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Read this: Paul Rowley on leaving the BBC after five decades in radio

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Paul Rowley on leaving the BBC after fiv…



The radiator day program with broadcast bionics discover the world leading brands at radio this time are the radio Today programme we have a very special guest now.

If you've been on BBC local radio or listen to it for the last three decades you recognise this guy's name and his voice as well before joining the BBC is a Westminster correspondent.

He was doing the same thing for around it was LBC way back before that he was on out in the first week of Radio City in Liverpool 47 years ago, but he's just left his job at BBC local radio as they're mad at Westminster that is covered for the last 37 years.

It's an honour to welcome one of the best of our industry and I mean that at the king of the two ways.

It's Paul really hope hello I'm more important than that I'm a radio listeners Stuart from the age of 7 when I first heard Alan Freeman doing Pick of the Pops on the

Program, I knew I wanted to be in radio, but hey I came from a Lancashire market town called Ashton-in-Makerfield which is near Wigan halfway between Liverpool and Manchester and I've been sold every step of the way to be there at the right time.

I've never actually apply for a proper job to be honest with you and in those days word-of-mouth was quite important.

They weren't that many of us are just been lucky to be there for such a long period of time 47 years as a journalist since I was a teenage scribbler on the Southport visitor and then 20-years in Commercial Road that and 28th at the BBC is been extraordinary journey, and I've been the most luckiest person in the world to be honest with you.

Will have a little kind of look through your your CV shut up me, but it's couple of weeks now since you left the BBC obviously a long time to be there.

How are you feeling about that now? I'm overwhelm to be honest with you because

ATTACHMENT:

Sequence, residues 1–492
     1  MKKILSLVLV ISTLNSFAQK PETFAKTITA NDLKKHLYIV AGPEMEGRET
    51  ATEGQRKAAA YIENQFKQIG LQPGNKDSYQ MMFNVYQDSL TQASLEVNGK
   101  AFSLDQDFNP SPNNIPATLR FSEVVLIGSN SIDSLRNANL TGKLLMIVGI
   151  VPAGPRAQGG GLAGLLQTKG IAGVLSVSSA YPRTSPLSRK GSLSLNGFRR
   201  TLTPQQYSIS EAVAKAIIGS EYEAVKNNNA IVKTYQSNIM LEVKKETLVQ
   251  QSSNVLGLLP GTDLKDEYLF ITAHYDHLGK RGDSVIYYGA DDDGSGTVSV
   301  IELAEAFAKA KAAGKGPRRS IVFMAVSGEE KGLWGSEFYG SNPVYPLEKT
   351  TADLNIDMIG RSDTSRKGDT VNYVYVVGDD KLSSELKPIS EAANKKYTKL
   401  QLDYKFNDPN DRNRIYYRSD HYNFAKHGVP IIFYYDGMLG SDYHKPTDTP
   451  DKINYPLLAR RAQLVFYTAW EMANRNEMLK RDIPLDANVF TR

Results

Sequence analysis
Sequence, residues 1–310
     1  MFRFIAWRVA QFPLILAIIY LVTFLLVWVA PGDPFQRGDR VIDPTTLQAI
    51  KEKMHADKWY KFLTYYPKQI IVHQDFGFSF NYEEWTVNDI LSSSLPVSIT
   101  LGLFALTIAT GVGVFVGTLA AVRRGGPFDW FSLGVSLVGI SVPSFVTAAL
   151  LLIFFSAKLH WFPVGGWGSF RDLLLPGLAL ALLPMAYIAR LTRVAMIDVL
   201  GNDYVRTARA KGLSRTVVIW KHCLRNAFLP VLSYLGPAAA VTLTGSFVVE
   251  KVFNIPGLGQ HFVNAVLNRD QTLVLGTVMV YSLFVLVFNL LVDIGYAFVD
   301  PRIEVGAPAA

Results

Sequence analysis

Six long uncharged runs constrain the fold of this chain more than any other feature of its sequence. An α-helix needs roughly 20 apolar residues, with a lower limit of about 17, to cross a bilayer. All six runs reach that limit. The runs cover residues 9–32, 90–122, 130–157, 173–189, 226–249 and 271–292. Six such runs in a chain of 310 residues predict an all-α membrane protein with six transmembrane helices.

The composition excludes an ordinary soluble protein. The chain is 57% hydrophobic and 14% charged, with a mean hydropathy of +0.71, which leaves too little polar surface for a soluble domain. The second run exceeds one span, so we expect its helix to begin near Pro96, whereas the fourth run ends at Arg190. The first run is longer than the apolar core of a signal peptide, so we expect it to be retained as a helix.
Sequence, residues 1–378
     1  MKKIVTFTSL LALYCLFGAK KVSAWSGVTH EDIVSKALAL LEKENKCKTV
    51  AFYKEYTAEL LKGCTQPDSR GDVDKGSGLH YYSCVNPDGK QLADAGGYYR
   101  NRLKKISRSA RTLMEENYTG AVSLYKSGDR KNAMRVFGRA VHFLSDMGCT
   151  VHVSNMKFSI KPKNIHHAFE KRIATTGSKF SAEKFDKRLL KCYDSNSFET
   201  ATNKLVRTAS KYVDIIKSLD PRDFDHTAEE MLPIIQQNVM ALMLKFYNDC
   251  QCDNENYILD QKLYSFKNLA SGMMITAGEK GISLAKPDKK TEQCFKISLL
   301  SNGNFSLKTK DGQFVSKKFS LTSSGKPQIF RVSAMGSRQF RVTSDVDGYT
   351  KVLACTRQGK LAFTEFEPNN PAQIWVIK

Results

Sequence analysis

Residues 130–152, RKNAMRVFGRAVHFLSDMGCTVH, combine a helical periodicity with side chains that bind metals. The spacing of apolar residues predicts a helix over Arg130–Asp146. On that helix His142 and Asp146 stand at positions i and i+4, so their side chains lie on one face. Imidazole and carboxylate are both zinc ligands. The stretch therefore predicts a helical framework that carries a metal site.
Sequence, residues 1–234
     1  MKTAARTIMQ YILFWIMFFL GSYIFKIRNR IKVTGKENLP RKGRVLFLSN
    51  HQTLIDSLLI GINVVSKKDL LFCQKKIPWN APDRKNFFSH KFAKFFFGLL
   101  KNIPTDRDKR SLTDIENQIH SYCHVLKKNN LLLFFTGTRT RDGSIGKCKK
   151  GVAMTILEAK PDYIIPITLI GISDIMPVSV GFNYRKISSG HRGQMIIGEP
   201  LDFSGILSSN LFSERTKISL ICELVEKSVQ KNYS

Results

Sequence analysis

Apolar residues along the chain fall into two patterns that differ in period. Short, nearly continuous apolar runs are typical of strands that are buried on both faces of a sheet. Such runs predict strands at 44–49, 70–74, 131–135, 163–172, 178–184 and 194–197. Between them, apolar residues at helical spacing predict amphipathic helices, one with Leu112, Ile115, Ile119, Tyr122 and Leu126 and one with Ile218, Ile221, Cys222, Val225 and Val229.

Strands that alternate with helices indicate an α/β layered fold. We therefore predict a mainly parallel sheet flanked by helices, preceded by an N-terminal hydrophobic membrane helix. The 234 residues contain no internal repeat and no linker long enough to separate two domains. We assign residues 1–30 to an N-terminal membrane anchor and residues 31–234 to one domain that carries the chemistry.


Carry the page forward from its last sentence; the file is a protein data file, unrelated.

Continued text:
Expecting to go on last Friday and I was talking to all the radio stations that still tell him in advance.

I was leaving and it was busy week anyway with a budget.

Can I say? Why do we do something on Friday and let the listeners know I'm going on that day.

I didn't expect the response.

I got a lot of the great names in broadcasting Jeremy Vine Victoria Derbyshire and Simon Bates were among many people without me knowing went on Twitter to say how can this man go is an institution maybe I should have been in an institution will call me a legend.

I think more leg and to be honest with you and it's been overwhelming and the most important bit of all that as a radio listener is a response from listening to the radio Lancashire called Heather in Bamber Bridge while I was on talking to our grammar say Colin Graham liver on their breakfast show burst into tears saying you can't go you've helped me.

You've helped me through brexit and I didn't realise the impact they had in that respect because I'm on so many radio stations for tea at the BBC in my commercial radio days are independent music 181.

I left at the end of 1993 these days about 500 commercial stations book to get that at the go onto Radio Leeds after I've left the BBC Lofthouse on the mid-morning show read out about a dozen emails from people who clearly I've had this kind of emotional attachment with the listeners as well as the presenters and I was unaware of the extent of that I know what I want to do and I know what I want to say that they like what I do and I do admittedly do it slightly different from the norm, but it's not me out to be honest with you.

I am quite vital as you say that connection that the radio house with its list as carnation through in that but I suppose the reason for that is as you say you don't do necessarily whatever else does.

When it comes to do ne28 show you put a little bit more into and you target it to the station that you're on more so than other people do to be honest with you because I'm listening.

I know all the tricks after listening for so long before I eventually got into the industry and of course.

I don't just talk about politics.

My view is and Terry Wogan always said that people listen to the radio that kind of half listen and there are often moving around so when I go on to a radio station to talk about politics from Westminster they're listening to their local station and large that you would have thought they had the attachment with that station and they're presenters because they're from that area.